Nave v. Powell

CourtCourt of Appeals of Indiana
Citation96 N.E. 395,52 Ind.App. 496
Docket NumberNo. 7,175.,7,175.
PartiesNAVE v. POWELL.
Decision Date15 November 1911


Appeal from Circuit Court, Miami County; Joseph N. Tillett, Judge.

Action by Alton P. Nave against Oliver M. Powell. Judgment for defendant, and plaintiff appeals. Reversed, with directions.C. R. Milford, for appellant. Cox & Andrews, for appellee.


Action upon two promissory notes for $500 each, given by appellee to appellant in payment for a stallion. Numerous pleadings by way of special answers and special replies thereto and cross-complaints and special answers thereto were filed in the case, the sufficiency of each of which was tested by demurrer by each party respectively, and exception to each ruling properly saved. The cause was tried by a jury and resulted in a verdict for appellee in the sum of $98. A motion for a new trial was filed by appellant and overruled by the court with exception to appellant. From a judgment on the verdict this appeal is prosecuted.

The rulings on the pleadings adverse to appellant and the ruling of the court on the motion for new trial are assigned as errors. These rulings on the pleadings are numerous; but, inasmuch as it is conceded by appellant that each ruling presents practically the same question, viz., the effect to be given to a written warranty given to appellee at the time of said sale of said horse and for the further reason hereinafter indicated, we deem it unnecessary to set out each particular pleading and ruling on the demurrer thereto.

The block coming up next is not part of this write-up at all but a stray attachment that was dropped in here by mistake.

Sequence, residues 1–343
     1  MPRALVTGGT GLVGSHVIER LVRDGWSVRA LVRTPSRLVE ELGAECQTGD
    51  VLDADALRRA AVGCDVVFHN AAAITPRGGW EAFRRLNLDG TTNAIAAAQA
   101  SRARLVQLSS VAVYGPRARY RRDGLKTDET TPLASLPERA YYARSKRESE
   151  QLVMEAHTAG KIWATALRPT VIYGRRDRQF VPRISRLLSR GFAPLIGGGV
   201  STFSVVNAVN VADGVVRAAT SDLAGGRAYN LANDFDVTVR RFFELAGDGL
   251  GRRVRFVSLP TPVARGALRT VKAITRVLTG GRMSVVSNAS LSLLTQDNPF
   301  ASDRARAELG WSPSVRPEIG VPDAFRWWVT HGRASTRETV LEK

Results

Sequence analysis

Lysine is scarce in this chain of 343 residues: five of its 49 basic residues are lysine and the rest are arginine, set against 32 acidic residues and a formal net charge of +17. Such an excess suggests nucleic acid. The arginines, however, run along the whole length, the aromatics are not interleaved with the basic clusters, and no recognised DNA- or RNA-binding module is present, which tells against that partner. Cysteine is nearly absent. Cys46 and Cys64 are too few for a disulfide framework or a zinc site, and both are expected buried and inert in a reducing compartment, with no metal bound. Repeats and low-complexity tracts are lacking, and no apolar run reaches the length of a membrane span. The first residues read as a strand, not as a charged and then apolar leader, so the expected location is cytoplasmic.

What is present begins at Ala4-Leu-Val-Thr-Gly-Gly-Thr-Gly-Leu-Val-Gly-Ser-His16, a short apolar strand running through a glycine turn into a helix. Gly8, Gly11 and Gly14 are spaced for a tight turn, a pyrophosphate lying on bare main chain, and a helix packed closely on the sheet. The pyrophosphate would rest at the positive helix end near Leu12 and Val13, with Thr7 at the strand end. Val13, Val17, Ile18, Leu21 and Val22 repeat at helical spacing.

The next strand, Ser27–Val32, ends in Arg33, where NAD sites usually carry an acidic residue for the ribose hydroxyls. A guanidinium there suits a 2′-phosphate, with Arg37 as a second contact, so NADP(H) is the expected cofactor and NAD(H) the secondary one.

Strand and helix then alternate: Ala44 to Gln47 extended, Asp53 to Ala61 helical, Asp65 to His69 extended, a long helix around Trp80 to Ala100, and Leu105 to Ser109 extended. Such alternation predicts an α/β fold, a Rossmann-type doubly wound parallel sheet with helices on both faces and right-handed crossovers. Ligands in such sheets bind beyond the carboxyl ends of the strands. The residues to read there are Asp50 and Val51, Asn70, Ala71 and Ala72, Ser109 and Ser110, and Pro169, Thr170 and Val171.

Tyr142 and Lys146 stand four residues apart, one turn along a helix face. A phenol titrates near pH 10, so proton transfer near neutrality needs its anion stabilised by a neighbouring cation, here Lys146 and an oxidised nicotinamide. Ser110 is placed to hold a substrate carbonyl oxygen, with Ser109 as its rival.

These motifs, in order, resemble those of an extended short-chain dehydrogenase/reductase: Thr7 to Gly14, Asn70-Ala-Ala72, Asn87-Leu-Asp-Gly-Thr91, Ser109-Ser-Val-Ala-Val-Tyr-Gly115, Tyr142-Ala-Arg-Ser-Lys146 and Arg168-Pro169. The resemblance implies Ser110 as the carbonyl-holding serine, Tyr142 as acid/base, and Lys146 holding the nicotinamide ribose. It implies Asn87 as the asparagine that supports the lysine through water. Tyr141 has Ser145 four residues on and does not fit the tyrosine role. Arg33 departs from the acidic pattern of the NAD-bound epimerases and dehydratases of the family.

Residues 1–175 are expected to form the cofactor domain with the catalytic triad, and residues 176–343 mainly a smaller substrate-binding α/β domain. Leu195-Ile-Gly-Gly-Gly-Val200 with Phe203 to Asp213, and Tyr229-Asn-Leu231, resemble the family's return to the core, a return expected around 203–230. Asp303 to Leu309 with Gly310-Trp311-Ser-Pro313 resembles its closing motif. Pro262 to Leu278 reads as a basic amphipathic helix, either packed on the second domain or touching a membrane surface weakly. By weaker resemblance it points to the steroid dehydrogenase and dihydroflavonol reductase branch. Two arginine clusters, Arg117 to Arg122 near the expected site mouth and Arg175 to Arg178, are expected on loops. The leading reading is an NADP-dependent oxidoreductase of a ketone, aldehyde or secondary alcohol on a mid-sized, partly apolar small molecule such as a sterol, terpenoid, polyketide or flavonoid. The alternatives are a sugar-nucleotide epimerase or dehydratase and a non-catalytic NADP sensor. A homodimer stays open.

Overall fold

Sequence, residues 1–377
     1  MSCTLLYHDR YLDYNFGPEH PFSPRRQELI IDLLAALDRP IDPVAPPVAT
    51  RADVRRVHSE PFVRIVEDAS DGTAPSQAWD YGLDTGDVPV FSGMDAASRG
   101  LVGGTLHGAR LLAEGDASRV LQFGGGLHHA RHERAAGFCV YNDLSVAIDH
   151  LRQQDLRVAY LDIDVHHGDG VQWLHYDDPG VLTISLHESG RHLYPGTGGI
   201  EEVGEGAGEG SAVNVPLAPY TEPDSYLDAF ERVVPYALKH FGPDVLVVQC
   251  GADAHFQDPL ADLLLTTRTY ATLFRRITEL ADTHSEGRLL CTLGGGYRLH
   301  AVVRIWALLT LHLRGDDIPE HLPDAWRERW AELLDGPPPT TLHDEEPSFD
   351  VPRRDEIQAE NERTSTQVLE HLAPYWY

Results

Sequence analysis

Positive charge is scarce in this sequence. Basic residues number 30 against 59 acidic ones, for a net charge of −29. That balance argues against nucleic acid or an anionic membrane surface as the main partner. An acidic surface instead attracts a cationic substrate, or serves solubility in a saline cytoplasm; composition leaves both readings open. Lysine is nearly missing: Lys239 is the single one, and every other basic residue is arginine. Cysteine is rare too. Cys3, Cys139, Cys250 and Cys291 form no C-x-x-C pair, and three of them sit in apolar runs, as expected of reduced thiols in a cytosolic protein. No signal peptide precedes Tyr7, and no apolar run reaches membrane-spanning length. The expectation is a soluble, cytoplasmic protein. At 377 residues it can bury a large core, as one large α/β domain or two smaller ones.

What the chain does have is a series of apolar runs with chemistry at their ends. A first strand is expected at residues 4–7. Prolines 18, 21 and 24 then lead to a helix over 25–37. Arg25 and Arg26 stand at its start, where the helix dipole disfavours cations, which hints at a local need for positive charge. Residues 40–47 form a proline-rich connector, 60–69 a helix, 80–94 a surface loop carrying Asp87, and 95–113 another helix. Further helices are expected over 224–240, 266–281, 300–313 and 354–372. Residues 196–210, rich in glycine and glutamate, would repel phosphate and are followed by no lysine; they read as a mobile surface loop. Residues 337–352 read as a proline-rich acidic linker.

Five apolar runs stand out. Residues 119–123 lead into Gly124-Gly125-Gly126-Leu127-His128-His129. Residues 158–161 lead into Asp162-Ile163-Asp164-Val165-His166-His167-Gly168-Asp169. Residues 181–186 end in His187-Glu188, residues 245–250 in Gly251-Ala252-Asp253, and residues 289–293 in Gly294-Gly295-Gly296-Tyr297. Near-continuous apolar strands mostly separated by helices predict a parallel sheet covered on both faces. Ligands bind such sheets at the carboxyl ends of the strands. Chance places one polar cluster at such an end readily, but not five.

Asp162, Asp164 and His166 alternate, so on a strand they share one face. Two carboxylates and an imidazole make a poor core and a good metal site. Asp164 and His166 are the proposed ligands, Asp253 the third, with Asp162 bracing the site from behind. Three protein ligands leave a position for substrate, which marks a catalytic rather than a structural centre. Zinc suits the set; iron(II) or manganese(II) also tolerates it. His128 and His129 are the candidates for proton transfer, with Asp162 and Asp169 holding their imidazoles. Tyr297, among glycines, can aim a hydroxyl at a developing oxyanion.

Appellant in his original brief concedes that there are but two questions presented by this appeal: (1) The question as to whether or not the expense put on the horse for his care, etc., is a legitimate item of damage. (2) The construction to be put on said written warranty of the stallion.”

[1] Appellee, however, insists that appellant, on account of failure to comply with the rules of this court in the preparation of his brief, is not entitled to have either of said questions considered.

Appellant in his reply brief in effect concedes that he has not in his original brief incorporated therein the motion for new trial, or any of its grounds, and that he has by such omission deprived himself of the consideration of any of the questions presented by such motion, but, on the other hand, earnestly insists that as to the question presented by the pleading he has not only made a good-faith effort to, but has, in fact, set out enough of the substance of each respective pleading to present the real question involved in the ruling of the court on the demurrer thereto, and has thereby fully brought himself within the spirit of the rules of the court as interpreted by its decisions, that this is especially true with respect to the first paragraph of his reply to appellee's first paragraph of answer and also with respect to the sixth paragraph of appellee's answer, and the third paragraph of his cross-complaint; the last two being practically the same.